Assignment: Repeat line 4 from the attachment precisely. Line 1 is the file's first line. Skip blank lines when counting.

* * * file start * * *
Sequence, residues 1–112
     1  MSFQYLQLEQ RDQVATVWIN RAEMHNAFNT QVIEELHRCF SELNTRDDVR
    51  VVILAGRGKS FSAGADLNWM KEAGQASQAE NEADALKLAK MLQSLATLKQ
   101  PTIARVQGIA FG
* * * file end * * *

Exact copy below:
   101  PTIARVQGIA FG